Tackling antisemitism in Labour
The Jewish Labour Movement has nominated Ian Murray for deputy leader.
Here is Ian’s statement to the JLM:
Thank you for contacting me about my campaign to become Deputy Leader of the Labour Party. The Jewish Labour Movement has a proud and important place in our party, and I want to thank you for sticking with the Labour Party through the most difficult circumstances for the Jewish community.
I want to say a heartfelt and meaningful apology. The Labour Party has treated you appallingly and I know that the next Leader and Deputy Leader will have to spend years repairing this relationship. That is why I did not think twice about signing the Board of Deputies’ pledges on antisemitism. We must take the action that the Jewish community – and your representatives – demand.
You may be aware that candidates in this contest were recently invited to a briefing on antisemitism from the General Secretary of the Labour Party. Just let that sink in for a moment. It was necessary for candidates standing for leader or deputy leader of the Labour Party – the party that has stood against racism throughout its history – to receive a briefing about racism in our party. It sickens me and I’m determined to root it out.
I will also be demanding from my fellow candidates for Deputy Leader what they have done in senior positions in the Shadow Cabinet over the last few years.
I never want to knock on a door again when the resident won’t vote Labour for the first ever time because of antisemitism.
The last few years have seen bullying and intimidation inside the Labour Party that should utterly shame us. And there is nothing that should shame us more than the antisemitism in our ranks. Antisemitism is an ancient hatred and it doesn’t happen by accident. It creeps in and then takes hold; if you don’t stamp it out immediately it spreads; and if you don’t act against the perpetrators, the message gets out.
And that is where the last Labour Party leadership went catastrophically wrong. The leadership was too slow to tackle antisemitism; too slow to discipline people involved; and too often the inquiries led to no more than a slap on the wrist. Never again.
I was proud to stand alongside Jewish colleagues like Ruth Smeeth, Margaret Hodge and Louise Ellman when they took antisemitism on and, as Deputy Leader I will ensure a zero-tolerance approach to bullying, harassment and antisemitism.
On my first Monday in the job, I want every outstanding case of antisemitism on my desk from the General Secretary. I will demand that we expel people who have been found to have engaged in any sort of antisemitism; I will extend political education about antisemitism across the party; defend the party’s adoption of the IHRA definition of antisemitism; and implement, in full, any recommendations that come from the Equality and Human Rights Commission when it reports this year. I don’t want to politically interfere or get involved in a debate about process – I just want it dealt with swiftly, and I will make sure it is. Zero tolerance.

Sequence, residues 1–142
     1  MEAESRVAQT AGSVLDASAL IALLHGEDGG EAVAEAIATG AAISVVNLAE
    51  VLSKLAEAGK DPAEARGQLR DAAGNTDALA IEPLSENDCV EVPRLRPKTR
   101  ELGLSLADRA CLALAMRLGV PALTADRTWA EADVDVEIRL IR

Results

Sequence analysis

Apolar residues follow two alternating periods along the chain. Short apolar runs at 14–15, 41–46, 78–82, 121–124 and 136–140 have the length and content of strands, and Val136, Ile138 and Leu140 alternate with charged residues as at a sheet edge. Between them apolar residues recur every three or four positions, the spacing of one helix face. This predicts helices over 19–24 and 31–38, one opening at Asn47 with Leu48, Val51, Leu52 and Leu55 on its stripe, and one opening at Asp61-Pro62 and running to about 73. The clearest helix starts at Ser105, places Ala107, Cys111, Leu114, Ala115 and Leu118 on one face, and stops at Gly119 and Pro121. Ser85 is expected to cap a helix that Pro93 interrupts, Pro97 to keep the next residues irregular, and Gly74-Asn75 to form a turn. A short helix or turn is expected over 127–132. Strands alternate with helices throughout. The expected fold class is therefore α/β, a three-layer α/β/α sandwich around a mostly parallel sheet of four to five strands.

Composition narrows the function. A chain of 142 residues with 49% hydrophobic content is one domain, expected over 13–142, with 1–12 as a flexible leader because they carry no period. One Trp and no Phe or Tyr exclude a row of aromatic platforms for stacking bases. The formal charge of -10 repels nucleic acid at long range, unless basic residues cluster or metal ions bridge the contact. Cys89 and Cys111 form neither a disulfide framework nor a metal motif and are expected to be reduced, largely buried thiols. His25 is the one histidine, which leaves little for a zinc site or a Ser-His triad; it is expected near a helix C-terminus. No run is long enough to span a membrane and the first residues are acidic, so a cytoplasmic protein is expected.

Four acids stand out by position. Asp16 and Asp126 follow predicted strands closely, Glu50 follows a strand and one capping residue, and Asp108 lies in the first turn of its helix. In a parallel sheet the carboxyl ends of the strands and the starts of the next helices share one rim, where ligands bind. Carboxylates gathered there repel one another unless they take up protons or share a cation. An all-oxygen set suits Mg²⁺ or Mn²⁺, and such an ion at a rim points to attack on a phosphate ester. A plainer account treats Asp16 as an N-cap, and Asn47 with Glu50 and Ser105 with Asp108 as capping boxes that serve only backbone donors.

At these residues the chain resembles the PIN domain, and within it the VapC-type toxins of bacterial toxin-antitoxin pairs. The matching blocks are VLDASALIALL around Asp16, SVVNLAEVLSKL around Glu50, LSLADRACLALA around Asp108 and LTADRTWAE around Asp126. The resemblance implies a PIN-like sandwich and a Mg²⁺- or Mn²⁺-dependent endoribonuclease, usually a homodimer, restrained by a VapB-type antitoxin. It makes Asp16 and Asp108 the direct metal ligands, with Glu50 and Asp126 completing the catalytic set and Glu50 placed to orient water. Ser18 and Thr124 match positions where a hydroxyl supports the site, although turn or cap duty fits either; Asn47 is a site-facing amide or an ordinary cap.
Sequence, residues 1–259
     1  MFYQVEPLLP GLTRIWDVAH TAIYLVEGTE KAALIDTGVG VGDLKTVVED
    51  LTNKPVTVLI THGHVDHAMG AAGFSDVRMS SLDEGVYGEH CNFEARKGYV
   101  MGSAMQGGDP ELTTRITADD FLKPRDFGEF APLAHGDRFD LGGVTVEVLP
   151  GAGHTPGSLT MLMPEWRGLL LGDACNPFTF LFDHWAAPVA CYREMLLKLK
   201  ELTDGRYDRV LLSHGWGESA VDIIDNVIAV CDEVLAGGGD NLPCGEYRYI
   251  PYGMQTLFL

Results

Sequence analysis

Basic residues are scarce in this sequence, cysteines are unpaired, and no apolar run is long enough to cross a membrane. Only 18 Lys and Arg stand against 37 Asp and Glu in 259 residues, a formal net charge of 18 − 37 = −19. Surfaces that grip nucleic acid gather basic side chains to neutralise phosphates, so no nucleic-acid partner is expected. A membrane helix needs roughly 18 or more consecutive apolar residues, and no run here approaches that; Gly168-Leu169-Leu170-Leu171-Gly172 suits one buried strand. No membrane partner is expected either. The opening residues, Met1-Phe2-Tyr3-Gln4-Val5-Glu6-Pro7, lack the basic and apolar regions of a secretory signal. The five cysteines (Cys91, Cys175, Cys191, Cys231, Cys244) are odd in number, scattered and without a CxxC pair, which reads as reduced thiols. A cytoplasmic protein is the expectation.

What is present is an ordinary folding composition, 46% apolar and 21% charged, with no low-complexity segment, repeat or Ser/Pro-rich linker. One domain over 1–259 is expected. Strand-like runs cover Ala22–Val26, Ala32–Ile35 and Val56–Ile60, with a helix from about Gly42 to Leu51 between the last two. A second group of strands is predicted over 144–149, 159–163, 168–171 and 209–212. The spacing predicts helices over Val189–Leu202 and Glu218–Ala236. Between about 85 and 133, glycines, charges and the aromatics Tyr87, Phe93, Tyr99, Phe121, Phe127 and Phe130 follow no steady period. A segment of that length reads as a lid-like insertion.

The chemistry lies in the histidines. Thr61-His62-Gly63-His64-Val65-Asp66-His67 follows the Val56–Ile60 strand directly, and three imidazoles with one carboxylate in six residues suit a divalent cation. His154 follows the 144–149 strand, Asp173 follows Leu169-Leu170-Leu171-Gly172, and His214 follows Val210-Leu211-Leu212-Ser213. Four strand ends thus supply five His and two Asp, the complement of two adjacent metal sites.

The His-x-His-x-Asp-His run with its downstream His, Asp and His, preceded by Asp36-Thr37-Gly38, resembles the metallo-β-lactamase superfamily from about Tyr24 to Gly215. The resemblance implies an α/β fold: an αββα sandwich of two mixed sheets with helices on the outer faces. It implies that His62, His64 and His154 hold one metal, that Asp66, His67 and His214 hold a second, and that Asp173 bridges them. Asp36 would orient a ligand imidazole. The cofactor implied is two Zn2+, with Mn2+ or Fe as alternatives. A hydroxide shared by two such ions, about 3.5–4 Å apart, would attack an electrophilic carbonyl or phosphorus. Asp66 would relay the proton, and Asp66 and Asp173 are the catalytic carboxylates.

We owe this to the thousands of Jewish people across the UK – many lifelong Labour voters – who could not vote for us at last year’s election.
Never again do I want any Jewish person to feel they do not have a home in the Labour Party, that they can’t trust us to do the right thing, or feel our party would make the country a more dangerous place for them.
When it comes to how we handle antisemitism, and how we take our party forward more widely, we must change. That is the only way we will win power again. I am standing to be Deputy Leader because I believe the party will benefit from my experience in holding a marginal seat against the odds and building a broad coalition of support, holding on as the only Scottish MP twice. Having a Scot at the top of the party sends out a strong message that every nation and region of the UK matters. I am the most pro-EU candidate standing in the contest and will continue to fight against a hard Brexit and for closer ties with Europe.
I have a five-point plan ready:
1) I will visit every seat we lost, won and may never hold in every nation and region of Britain to understand why Labour lost – and report back to party conference.
2) I will launch a Labour Party Campaign for Britain’s Future to determine how our country should be governed by giving more power to local communities.
3) I will take personal responsibility for rooting out antisemitism, bullying and harassment across the party.
4) I will organise effectively to ensure we target resources where needed, led by our members’ local knowledge.
5) I will never compromise on our Labour values or face both ways on the biggest issues of our time and will work to build a broad coalition of support.
I have set out my plan for a Labour Campaign for Britain’s Future
- We must have a proper constitutional convention so we can galvanise the public and the party around how all the nations and regions of the UK are governed in a post-Brexit Britain. Taking power at Westminster and then giving it away.
- In the short-term, pro-Europe voices are needed to ensure that trade negotiations put the UK on the side of higher standards and not a race to the bottom with a Trump trade deal. We need to set the bar high.
- Following the end of the Brexit transition period, the Labour movement must make the case for a closer relationship to enhance Britain’s place in the world and ensure that jobs and livelihoods are protected.
- In the long-term, Labour must never rule out campaigning to be part of the EU again in the future, if it is in the national interest.
If you are happy with Labour’s position and want more of the same, don’t vote for me. But we won’t win again with continuity. I am the candidate standing for change. We can beat the Tories if we stop dwelling on the past and look to the future – for our party and for everyone in the UK. We must change to win.
Ian Murray MPBack to Articles